Podcasts used to be alternative. They were voices you sought out to hear a different perspective than what was on the mainstream television and news sites.
Now, it seems everyone is doing it. That’s not necessarily a bad thing. Jim Ross, “Stone Cold” Steve Austin, “Rowdy” Roddy Piper all have fascinating wrestling/MMA podcasts for fans to listen to. It’s the history, the nuance, the back stories, and the fresh perspectives that we love to hear. You just don’t get that on WWE or UFC television.
Then Chris Jericho and the WWF had to go ruin it.
The WWE Network has now hosted two “Talk Is Chris Jericho” style episodes and talk about sucking the life out of something interesting. Podcasts are not supposed to be vehicles to perpetuate WWF storylines or false senses of history. We have Monday Night Raw, Smackdown and Triple H for that. Instead, Jericho has wrecked two potentially good interviews with John Cena and Stephanie McMahon, by asking almost no tough questions, and staying within the realm of WWE storylines.
Technically Jericho is not hosting a podcast. It’s an on-camera interview. The WWE calls it “Live With Chris Jericho.” But its function is the same, and the WWE marketed his appearance on the back of his podcast, which is available on Podcast One.
Technically Jericho is also not a journalist. He still owes fans a better interview.
What did we learn with last week’s interview with Stephanie McMahon? Pretty much nothing, other than her banished brother calls her “Vincess.”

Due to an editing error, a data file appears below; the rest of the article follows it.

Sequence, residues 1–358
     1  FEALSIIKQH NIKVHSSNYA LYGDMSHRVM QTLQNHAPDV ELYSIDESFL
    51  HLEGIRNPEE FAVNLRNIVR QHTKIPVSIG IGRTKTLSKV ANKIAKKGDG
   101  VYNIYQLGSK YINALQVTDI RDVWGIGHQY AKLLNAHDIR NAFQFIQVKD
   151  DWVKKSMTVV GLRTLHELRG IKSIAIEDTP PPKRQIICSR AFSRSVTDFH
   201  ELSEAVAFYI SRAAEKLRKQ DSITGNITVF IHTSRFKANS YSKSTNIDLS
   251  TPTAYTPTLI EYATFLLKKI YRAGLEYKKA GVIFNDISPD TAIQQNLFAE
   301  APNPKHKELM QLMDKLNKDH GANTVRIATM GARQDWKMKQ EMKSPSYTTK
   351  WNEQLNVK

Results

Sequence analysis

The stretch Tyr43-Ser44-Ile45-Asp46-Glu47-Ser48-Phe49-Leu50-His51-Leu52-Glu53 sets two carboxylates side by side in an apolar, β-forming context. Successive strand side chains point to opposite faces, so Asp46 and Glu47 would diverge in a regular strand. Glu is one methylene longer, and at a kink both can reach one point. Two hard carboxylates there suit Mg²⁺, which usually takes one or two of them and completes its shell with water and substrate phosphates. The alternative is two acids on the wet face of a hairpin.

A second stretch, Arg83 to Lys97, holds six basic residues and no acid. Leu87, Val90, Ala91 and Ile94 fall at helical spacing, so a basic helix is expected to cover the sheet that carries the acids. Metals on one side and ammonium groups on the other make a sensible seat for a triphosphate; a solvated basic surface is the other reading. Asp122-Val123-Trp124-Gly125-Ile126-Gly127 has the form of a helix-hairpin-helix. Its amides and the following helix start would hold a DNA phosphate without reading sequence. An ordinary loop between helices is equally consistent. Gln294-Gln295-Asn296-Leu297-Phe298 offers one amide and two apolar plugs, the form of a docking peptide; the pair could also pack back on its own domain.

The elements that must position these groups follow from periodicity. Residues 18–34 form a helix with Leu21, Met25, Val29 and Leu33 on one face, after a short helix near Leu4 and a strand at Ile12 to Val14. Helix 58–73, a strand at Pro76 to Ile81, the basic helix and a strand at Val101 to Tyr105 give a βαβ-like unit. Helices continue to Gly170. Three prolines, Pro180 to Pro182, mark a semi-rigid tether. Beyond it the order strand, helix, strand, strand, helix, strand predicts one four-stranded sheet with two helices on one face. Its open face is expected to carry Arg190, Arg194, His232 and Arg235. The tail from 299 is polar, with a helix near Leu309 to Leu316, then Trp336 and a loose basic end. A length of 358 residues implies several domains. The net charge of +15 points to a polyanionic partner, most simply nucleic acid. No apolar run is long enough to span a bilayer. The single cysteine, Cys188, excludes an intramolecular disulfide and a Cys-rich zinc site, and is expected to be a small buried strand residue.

Jericho, here are a few questions we would like Stephanie to answer:
1. Can the WWE succeed without Triple H and Stephanie as the perennial authority antagonists?
2. Could the WWE have done more to make CM Punk feel appreciated and keep him in the WWE?
3. Would it possible for you and Shane McMahon to work together on a shared vision for the WWE, or does Triple H stand in the way?
4. What do you think of those who say Triple has historically buried talent that he did not think had potential, while rewarding his friends, such as Kevin Nash and Sheamus?
5. Would you consider wrestling Ronda Rousey at next year’s WrestleMania? (granted, he did bring up Dana White’s opposition to Rousey appearing again, but Jericho never pressed her on this).
And that’s just to start. Fortunately for Jericho, Stephanie has a ton of charisma and stage presence, so even if she says nothing, she’s great to watch. But there’s so much more potential.
When he interviewed John Cena a few weeks prior to Stephanie, it was like a bad episode of Comedians in Cars Getting Coffee. Cena, of course, is 100 percent vanilla. Jericho did little to bring him out of his shell. We get that Cena loves the sport and will play any role the WWE tells him, but can’t Jericho just push him a little bit on how he’s probably being held in purgatory for the rest of his career because Triple H doesn’t want him to tie pal Ric Flair’s all-time world title record?
Stone Cold Steve Austin hosted the first WWE Network podcast with Triple H. He asked Triple H if Chyna, his ex-girlfriend, whom he dumped for Stephanie, should be inducted into the WWE Hall of Fame. Bad move.
Triple H said “no” because Chyna can be found online participating in unsavory behavior. Guess that means X-Pac is also out forever. Jericho never came close to asking a real question like this. Will we ever see Austin’s interview show again on the WWE Network? We will see.
The Podcast on the WWE Network after Raw and Smackdown should be an attraction, something special, something unique. It shouldn’t be a perpetuation of WWE storylines. If Chris Jericho is going to be a mark for the sport, he should do it on his own podcast, but the WWE is making a mistake allowing him to act like Jerry Mathers on their platform.
The WWE is supposed to be drawing people to the network, not turning them away.